So being in a sim you can choose as much or as little of the above as you like. Luck...
    Thanks, this info is helpful! I've been reading/watching about basic flight planning and a lot of them mention winds aloft, but you're right, I think I'll keep the winds to a minimum until I get some practice in navigating and flying for a while. I also want to get my feet wet with autopilot, so I'll be fooling around in that as well.

    I plan to do 1-hour hops to put in a lot of this knowledge to practice. It's slowly coming together. I figure once I'm comfortable with the 172 and have flown a lot of hours and the flight planning becomes rote, I'll move on up to the turbos.

    I'm going for as much realism as possible here, so no, I'm not doing unlimited fuel. The only assistance I'm using for now is highlighting taxiways, ATC comms (I don't even know where or how to answer to ATC, but that can come later), and I think I'll let the sim correct for gyro drift after reading about it. Sounds like something I don't want to trouble myself with.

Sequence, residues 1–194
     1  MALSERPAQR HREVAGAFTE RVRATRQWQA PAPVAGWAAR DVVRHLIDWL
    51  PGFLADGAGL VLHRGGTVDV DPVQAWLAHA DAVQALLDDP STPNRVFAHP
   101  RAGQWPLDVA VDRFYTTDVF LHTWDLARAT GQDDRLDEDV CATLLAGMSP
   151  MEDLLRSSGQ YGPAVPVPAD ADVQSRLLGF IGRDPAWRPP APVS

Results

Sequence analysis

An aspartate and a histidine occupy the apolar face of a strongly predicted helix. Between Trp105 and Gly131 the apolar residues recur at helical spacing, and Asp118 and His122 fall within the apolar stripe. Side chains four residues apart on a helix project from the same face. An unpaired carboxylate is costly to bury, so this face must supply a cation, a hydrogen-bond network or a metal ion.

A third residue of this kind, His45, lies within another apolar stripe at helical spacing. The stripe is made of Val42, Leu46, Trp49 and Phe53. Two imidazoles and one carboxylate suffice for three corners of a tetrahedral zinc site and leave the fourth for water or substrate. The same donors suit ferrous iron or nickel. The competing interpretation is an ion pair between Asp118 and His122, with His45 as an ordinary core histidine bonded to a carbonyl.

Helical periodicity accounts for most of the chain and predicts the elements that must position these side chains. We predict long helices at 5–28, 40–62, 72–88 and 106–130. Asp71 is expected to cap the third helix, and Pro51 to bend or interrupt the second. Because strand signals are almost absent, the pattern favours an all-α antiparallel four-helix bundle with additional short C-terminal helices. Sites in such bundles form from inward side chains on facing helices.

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  6. #6
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    Good. I'd note that, as you move up in aircraft performance and complexity there are some things that are different from using the C-172. Power management will be different, as will altitude choices and some other things, along with the way that things happen faster and with more to do on the more complex aircraft. There's enough differences that perhaps intermediate stages before the turboprop would be helpful, perhaps going next to a Mooney or Bonanza, then to a Baron, then maybe to a King Air or whatever you have available.

    Larry N.

    As Skylab would say: